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SROH 2023 Introduces Undergrads to Life as MCO Student

SROH 2023 Introduces Undergrads to Life as MCO Student

For 10 weeks over the summer, five undergraduate scientists from around the country were given the opportunity to live like a Harvard MCO graduate student as part of the Summer Research Opportunities at Harvard (SROH) Program.

“The thought of applying to a school with the reputation that Harvard has was daunting,” says Aleksya Drobshoff, a rising senior at California State University – Channel Islands. “However, when I got here all of my own preconceived notions were really thrown out the window. There wasn’t a single person who wasn’t willing to give advice and act as some kind of guide. I liked seeing how well everyone got along with one another and would emphasize work-life balance and being a human being. I also got training and access to a ton of facilities within my 10 weeks and the structure of the MCO program made me really motivated to want to apply and hopefully attend Harvard in the future.”

The SROH program, supported by the Leadership Alliance, provides research opportunities for students from underrepresented populations. Participants are placed in labs conducting research relevant to their personal areas of interest, and attend workshops led by general SROH staff on research communication and other ins and outs of the grad school world. They also attend department-specific workshops organized by graduate students within each specialty.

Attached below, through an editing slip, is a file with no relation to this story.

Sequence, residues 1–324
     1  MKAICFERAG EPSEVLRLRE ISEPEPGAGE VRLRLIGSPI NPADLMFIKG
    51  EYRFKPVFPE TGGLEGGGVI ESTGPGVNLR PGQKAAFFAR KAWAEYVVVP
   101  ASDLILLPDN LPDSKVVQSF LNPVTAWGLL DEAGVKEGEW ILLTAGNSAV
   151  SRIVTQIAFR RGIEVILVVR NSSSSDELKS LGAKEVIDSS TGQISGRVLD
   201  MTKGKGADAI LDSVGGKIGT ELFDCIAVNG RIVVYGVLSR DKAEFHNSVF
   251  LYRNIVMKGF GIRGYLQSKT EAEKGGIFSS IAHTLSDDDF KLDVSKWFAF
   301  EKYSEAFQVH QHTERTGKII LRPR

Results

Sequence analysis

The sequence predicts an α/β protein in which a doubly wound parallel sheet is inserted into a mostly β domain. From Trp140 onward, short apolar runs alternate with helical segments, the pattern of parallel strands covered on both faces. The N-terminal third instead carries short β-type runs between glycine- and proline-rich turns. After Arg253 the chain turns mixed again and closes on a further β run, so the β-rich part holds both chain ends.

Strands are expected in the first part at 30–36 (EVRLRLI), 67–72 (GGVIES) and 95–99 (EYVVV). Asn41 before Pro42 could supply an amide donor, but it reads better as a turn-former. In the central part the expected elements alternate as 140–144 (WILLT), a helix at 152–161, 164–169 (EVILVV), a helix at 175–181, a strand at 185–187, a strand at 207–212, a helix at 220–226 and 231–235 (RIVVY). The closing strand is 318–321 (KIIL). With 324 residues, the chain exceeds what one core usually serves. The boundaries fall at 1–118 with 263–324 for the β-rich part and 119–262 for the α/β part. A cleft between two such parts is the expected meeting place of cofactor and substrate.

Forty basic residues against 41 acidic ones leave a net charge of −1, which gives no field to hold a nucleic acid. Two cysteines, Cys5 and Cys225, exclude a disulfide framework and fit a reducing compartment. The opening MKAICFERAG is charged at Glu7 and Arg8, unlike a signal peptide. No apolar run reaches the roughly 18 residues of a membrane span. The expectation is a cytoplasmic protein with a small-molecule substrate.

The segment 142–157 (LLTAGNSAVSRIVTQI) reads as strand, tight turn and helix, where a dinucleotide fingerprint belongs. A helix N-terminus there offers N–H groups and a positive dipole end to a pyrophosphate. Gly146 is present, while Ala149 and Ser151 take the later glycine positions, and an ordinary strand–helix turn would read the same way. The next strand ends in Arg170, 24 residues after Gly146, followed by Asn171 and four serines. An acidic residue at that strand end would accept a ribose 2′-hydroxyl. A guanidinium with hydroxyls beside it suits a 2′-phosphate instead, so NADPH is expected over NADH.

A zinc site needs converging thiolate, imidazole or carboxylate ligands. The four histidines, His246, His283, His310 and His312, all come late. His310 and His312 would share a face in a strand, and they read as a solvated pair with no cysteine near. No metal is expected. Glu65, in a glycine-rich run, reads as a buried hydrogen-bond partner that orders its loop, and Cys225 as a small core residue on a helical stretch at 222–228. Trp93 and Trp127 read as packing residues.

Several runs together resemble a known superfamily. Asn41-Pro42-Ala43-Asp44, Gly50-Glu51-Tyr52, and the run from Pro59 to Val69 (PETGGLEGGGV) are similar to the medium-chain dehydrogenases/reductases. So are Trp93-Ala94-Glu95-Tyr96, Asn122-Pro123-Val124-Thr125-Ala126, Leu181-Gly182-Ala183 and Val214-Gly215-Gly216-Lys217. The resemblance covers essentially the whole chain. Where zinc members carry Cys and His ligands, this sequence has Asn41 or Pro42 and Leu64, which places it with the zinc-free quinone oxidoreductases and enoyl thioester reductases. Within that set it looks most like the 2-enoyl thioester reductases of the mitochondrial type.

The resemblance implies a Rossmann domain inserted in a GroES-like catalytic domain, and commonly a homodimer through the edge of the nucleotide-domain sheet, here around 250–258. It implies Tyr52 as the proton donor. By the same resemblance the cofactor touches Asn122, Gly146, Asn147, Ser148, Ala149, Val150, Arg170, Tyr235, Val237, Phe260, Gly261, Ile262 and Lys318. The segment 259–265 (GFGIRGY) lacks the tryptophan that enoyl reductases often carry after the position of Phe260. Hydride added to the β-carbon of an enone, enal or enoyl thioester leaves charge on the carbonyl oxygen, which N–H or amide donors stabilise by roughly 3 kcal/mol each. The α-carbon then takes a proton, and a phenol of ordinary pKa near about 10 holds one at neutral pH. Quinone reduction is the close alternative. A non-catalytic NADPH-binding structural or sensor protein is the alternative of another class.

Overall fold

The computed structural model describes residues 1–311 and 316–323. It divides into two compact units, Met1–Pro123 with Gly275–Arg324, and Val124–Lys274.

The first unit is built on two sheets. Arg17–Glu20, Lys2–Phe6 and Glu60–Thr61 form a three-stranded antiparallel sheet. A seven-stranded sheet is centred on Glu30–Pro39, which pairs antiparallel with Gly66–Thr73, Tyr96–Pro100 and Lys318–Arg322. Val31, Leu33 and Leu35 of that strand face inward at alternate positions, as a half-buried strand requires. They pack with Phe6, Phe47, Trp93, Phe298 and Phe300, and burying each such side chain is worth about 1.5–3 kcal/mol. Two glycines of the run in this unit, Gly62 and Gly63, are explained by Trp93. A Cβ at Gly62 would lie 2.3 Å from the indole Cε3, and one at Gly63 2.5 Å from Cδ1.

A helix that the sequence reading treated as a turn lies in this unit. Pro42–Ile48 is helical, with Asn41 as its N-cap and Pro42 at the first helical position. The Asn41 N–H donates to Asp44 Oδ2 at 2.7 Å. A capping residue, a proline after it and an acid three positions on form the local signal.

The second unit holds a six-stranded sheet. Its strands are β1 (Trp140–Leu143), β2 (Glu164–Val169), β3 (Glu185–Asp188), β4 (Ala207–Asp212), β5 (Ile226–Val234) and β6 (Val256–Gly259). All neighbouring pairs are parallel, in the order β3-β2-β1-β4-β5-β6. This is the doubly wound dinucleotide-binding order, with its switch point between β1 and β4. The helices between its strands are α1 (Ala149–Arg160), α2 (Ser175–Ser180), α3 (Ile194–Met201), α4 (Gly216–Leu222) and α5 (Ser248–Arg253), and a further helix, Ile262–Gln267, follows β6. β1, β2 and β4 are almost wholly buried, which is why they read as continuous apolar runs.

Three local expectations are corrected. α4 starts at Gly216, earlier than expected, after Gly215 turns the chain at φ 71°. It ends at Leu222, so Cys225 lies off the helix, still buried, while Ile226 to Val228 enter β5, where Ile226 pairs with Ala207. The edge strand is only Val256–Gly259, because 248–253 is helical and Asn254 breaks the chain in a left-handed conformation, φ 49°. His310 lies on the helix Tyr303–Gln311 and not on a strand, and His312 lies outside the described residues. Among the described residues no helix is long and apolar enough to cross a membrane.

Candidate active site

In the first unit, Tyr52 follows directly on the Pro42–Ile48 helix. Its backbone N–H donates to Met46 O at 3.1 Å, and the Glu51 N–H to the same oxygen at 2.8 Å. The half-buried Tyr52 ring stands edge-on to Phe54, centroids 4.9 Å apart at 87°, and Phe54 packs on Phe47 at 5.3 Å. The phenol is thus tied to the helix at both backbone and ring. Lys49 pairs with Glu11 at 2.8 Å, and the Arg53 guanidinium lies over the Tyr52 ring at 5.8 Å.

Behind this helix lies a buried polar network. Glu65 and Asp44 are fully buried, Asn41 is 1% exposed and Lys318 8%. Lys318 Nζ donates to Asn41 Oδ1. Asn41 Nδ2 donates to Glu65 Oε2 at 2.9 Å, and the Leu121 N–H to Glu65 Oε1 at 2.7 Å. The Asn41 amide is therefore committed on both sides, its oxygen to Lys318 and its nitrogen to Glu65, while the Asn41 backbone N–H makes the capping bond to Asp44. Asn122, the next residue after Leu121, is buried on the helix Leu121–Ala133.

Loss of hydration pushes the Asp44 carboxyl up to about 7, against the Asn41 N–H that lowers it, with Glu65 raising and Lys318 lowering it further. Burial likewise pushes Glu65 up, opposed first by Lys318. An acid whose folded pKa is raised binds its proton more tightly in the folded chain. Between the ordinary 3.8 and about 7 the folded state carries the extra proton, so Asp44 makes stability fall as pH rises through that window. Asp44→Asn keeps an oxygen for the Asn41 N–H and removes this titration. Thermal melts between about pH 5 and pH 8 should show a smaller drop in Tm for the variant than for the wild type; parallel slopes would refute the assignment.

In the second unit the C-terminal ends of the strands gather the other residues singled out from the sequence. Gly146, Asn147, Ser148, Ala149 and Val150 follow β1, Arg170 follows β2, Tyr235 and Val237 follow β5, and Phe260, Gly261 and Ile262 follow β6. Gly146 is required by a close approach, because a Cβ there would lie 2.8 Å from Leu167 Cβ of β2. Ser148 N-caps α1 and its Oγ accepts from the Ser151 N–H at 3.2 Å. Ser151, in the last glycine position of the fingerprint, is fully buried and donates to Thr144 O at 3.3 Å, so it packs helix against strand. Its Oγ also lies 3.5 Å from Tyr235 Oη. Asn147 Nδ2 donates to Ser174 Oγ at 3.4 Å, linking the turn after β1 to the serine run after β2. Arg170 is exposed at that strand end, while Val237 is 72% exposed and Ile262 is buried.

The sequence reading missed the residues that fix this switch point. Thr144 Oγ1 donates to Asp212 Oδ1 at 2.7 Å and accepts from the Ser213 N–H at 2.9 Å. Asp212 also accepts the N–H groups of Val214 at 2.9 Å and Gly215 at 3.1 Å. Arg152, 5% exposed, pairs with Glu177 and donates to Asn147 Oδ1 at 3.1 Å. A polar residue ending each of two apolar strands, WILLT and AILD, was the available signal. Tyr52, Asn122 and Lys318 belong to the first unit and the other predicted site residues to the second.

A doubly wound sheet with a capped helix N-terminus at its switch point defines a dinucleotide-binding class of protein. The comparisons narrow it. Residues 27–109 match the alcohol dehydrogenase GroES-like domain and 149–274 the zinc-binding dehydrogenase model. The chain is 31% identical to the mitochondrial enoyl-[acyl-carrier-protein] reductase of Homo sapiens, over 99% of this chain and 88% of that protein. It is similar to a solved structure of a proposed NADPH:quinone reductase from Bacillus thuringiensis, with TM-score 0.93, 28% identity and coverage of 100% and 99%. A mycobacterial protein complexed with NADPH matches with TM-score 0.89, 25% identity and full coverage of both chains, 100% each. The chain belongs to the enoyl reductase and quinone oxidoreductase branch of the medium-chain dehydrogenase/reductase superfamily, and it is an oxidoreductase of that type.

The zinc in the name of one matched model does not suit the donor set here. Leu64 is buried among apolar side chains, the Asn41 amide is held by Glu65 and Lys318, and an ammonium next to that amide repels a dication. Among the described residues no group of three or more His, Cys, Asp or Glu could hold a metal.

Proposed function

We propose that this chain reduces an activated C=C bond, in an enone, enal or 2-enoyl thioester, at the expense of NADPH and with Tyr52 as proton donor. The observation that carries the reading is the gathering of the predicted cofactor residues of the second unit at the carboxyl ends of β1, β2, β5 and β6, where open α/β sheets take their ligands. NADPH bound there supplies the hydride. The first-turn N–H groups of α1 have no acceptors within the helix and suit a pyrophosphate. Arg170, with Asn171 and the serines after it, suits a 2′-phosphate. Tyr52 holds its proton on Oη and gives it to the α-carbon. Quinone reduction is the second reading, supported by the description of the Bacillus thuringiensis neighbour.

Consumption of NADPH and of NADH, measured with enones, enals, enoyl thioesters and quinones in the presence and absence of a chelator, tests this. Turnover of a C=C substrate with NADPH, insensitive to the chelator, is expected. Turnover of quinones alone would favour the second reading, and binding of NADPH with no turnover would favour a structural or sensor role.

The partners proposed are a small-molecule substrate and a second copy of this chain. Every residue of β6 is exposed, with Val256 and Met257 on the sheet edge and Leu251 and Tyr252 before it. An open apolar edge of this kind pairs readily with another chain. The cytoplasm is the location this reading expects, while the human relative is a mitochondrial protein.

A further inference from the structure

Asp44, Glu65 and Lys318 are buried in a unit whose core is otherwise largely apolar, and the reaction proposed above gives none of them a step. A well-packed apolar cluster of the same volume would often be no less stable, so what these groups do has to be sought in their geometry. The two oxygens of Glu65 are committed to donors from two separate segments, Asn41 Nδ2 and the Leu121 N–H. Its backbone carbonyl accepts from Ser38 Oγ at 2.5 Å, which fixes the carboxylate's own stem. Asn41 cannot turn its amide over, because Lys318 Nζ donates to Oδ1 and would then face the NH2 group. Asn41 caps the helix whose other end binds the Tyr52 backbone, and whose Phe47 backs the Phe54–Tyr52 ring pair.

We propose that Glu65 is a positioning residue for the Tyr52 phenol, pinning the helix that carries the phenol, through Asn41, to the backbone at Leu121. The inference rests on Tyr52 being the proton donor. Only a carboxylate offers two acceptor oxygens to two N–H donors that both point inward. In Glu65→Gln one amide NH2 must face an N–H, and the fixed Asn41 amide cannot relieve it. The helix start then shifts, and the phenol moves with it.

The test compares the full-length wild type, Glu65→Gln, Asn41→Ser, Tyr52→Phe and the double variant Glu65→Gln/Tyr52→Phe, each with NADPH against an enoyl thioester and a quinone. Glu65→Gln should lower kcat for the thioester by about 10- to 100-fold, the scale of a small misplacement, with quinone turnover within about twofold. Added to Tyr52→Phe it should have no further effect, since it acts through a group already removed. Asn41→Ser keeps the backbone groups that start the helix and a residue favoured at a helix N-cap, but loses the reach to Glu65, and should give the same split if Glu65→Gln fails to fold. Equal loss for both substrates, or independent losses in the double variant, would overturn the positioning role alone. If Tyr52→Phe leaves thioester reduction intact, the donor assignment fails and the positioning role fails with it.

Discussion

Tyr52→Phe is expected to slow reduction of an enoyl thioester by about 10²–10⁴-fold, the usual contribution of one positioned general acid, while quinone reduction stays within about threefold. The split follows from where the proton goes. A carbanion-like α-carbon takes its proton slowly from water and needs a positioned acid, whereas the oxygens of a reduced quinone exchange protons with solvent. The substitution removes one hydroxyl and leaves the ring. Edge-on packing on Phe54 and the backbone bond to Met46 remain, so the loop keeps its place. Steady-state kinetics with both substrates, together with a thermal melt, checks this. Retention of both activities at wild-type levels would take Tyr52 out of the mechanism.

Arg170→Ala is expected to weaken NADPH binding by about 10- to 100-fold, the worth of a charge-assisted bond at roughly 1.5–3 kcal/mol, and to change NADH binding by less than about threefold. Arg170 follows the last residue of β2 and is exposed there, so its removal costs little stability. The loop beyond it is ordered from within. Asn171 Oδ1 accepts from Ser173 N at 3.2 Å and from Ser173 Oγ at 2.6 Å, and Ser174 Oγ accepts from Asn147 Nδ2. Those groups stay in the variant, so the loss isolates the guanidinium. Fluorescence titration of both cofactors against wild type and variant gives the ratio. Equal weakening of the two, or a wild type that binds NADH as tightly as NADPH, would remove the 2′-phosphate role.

MCO’s portion has been planned and organized by Claire Ang and Adriana Aguilar-Maldonado, with support from Juan Orozco and Emily Villalpando, who was a 2021 SROH participant.

“Coming from being in the program myself as an undergrad and then trying to help out now this year, it feels good to know that these people are also going to have a similar experience to me where the connections that they’re making last even after SROH ends,” says Villalpando. “When this year’s students ultimately apply for grad school, I really hope they are comfortable enough to reach out to us again and we can help throughout that process just like Adriana and my SROH PI Rachelle Gaudet helped me.”

This year’s students presented their work at the Leadership Alliance National Symposium from July 28 to 30th in Hartford, CT. The MCO cohort included:

  • Rey Zavala from California State University-San Bernardino
    • Working with Dennis Brookner (MCO PhD student) in Doeke Hekstra’s lab.
    • “I performed evolutionarily inspired mutagenesis on hsDHFR purposed to restore a stronger basis of ligand flux and remove product inhibition in hsDHFR.”
  • Aleksya Drobshoff from California State University-Channel Islands
    • Working with Jeremy Conway (MCO PhD student) in Max Prigozhin’s lab.
    • “I worked on characterizing the cathodoluminescence of lanthanide doped nanoparticles in resin for 3D electron microscopy to do cellular protein labeling.”
  • Ethan Rothschild from the University of Houston
    • Working with Eric Fields (MCO PhD student) & Jaime Martinez Grundman (Postdoctoral fellow) in Ryan Nett’s lab.
    • “I characterized neofunctionalized ‘Carbonic Anhydrase Like’ enzymes (CAL) previously discovered by Dr. Nett.”
  • Kayla Carmichael from Xavier University of Louisiana
    • Working with Alexa Pérez-Torres (MCO PhD student) in Andrew Murray’s lab